Sink or Swim
According to the CIA, New Zealand has the ninth longest coastline in the world. This might be true but there is another list (World Resources Institute) that has us at seventeenth. I’ll take that one. Not that I have any reason to doubt the CIA but it is an organisation that doesn’t always know what it’s many hands are doing and some of those many hands may have been cut off at the wrist. I don’t have any real reason to doubt the CIA but this is an organisation that once had a ‘watch file’ on my father. My Dad?! Why on earth would they be keeping tabs on him? Well he was involved in one or two protests back in the day but I have to say the extent of his suspicious activities now extends to shingling his driveway once every couple of years. It is possible that he may be guilty of the murder of one or two innocent silver birch trees though. As he is a lifelong Greenpeace member, may I just say ‘that’s bang out of order Dad!’.
Now where was I?…Oh yeah coastlines. Ireland has the 38th longest coastline in the world which doesn’t sound quite as impressive until you compare the ratio of coastline to area. With a ratio of 93 metres of coastline per square kilometre of area (using WRI measure), that puts it at more than New Zealand’s ratio of 64 metres per square kilometre. So what do all these silly numbers mean? Well it makes these two great nations that I have called home both very accessible to the water and in so doing increases the need for the people of said nations to be water aware. Now my kids have a number of extracurricular activities but the one I put at the top in terms of importance is swimming.
I was never technically good at swimming but I was water aware and had enough proficiency to save my own life. I would hope my kids reach that same level. When we get to the end of each lesson, my daughter’s main concerns seem to be, when she will be going up to the next level and who she swam faster than today. As a parent who doesn’t intend to live vicariously through my children, I am always quick to downplay that stuff. ‘It’s not about winning gold medals, it’s about learning to save your own life’ I say. Now you might think that’s a strange thing to say to a child potentially dashing their dreams at the first hurdle but if she really wants to swim competitively she will do it whether I encourage it or not. In the meantime, I want her to be able to tread water without holding the side of the pool and be able to swim distance consistently. If she can do that I will be a hell of a lot happier letting her swim in the sea.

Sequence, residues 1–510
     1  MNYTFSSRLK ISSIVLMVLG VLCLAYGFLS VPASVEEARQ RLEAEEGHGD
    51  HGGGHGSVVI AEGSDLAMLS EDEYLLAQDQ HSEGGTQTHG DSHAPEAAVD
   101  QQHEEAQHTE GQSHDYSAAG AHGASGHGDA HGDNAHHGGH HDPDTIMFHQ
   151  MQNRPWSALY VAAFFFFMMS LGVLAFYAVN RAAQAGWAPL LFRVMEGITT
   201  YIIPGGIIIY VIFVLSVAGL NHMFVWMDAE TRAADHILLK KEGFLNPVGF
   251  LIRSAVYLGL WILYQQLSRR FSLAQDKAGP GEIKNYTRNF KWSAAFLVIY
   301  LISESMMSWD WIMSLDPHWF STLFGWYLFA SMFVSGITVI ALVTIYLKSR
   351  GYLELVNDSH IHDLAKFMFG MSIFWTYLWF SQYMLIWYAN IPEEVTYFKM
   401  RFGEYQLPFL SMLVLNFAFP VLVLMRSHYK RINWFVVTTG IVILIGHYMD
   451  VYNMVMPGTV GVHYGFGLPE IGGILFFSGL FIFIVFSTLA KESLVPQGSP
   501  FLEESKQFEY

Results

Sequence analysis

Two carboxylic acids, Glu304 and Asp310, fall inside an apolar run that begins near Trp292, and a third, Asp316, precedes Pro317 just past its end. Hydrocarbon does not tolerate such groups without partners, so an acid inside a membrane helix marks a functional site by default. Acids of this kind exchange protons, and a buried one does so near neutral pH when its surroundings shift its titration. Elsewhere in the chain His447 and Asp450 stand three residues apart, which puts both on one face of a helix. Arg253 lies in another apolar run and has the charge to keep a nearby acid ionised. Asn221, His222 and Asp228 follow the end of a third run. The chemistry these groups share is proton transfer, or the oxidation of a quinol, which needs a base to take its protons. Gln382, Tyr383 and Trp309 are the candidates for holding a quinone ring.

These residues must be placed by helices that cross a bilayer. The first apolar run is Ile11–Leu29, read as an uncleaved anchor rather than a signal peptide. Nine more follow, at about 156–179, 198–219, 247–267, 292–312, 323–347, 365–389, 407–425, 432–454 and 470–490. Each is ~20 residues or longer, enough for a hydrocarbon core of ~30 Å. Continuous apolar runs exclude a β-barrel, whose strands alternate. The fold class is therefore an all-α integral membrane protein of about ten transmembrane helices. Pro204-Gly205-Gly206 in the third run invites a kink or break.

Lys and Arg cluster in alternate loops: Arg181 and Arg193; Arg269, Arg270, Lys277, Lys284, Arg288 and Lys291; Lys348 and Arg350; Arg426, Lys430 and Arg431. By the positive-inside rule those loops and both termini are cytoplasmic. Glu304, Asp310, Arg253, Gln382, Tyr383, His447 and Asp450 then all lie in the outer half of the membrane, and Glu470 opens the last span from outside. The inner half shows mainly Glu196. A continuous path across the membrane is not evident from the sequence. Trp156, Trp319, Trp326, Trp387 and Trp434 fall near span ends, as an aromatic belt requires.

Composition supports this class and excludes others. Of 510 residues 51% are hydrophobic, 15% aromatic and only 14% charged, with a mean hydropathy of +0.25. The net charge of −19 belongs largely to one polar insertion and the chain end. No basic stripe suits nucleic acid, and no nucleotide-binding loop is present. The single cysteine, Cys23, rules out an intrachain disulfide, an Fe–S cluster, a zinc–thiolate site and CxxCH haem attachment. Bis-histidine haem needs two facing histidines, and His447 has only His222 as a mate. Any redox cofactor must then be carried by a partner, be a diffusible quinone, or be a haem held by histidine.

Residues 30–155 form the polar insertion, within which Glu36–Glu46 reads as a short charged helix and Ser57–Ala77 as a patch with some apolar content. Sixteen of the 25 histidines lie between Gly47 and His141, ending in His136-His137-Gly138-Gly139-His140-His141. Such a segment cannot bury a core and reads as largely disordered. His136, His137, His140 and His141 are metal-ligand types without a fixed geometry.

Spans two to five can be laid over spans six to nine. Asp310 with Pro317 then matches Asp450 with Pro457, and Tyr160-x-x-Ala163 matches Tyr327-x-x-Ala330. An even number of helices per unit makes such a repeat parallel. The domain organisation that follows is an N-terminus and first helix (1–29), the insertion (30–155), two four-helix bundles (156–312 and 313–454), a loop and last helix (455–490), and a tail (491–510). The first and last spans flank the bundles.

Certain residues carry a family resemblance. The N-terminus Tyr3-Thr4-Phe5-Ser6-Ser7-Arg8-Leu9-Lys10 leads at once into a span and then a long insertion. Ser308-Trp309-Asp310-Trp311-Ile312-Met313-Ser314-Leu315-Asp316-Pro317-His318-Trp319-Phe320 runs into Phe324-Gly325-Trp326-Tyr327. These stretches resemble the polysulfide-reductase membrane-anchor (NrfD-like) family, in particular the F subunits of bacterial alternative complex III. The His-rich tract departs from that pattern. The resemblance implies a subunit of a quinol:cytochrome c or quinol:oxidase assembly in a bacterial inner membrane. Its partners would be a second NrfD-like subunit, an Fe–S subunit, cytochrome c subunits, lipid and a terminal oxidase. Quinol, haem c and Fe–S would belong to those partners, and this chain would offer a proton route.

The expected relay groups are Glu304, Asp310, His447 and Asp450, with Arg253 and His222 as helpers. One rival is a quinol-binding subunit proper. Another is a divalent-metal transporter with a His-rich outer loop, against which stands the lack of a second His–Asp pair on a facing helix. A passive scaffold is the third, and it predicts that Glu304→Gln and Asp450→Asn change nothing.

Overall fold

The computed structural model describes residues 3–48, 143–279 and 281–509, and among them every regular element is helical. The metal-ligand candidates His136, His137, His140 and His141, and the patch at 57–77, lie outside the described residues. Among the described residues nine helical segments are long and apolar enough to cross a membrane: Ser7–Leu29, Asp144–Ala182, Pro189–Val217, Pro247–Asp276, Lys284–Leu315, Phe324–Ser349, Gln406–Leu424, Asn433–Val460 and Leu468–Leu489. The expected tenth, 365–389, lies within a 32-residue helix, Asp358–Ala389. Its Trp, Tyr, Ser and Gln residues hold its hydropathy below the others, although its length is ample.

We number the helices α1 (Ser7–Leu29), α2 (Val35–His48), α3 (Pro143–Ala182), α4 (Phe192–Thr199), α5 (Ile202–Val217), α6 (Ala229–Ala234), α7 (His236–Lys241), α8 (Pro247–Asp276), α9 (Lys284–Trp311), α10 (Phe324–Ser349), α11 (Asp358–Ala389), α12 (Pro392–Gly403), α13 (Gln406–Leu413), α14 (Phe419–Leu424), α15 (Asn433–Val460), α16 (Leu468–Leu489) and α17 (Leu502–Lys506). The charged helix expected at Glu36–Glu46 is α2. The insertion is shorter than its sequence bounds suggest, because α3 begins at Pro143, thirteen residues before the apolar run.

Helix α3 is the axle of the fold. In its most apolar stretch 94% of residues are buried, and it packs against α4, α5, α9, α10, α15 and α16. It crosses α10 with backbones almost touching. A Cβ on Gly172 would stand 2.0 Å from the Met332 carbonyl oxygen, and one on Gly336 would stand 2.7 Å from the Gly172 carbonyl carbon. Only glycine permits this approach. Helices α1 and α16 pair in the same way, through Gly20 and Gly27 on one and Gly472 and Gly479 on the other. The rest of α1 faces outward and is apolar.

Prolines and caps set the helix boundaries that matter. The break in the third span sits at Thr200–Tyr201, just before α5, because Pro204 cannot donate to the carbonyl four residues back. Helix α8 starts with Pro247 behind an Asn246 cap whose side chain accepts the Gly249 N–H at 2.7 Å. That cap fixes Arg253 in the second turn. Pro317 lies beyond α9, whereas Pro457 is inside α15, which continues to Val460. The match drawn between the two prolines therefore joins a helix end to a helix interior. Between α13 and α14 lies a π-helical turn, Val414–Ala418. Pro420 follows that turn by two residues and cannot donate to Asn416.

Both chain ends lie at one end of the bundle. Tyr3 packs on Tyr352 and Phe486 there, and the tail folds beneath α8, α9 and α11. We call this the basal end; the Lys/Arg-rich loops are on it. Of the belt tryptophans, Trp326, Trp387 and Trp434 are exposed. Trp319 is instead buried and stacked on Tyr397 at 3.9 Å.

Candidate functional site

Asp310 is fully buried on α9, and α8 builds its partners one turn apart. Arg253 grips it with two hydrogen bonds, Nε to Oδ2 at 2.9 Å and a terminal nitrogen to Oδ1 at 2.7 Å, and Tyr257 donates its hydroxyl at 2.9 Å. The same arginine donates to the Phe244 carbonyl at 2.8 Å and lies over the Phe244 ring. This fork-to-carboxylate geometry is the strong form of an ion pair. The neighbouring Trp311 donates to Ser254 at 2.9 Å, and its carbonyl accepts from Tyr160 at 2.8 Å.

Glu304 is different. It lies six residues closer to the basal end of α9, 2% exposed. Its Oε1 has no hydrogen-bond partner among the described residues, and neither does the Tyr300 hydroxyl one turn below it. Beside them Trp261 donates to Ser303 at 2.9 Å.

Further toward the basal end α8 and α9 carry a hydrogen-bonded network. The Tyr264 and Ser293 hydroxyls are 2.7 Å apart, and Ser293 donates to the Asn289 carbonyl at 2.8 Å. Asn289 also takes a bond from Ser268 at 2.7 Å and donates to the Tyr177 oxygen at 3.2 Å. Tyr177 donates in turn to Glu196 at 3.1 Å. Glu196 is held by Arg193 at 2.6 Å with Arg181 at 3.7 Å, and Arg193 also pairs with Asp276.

Statistics were released recently in New Zealand that said nearly half of beach related drowning’s were of would-be rescuers. The most publicised instance being this where a mother went to save her child and ended up drowning herself. Now the good news was the child survived. In fairness I would do that too if no help was to hand but it is the water awareness (any number of factors from depth, currents, weather conditions and how visible you are to others) that prevents any trouble in the first place. In New Zealand drowning’s occur all the time because people are in the water all the time. However the same could be said for Australians and their drowning rates are lower. New Zealand lags behind many western nations including the US, Canada, the UK as well as Australia and Ireland. In Ireland drowning’s tend to follow unusually warm periods of weather and those short couple of months where people are at the beach. There are less drowning’s in Ireland but people are no more water wise here. I hope that all three of my daughters will get to the stage where I don’t have to shadow them in the water but something tells me, that time is many years away. And if it looks like one of them has no propensity for water wisdom at all then we shall all make the big move – to Mongolia. While it is known for its sand, Mongolia is certainly not known for its beaches.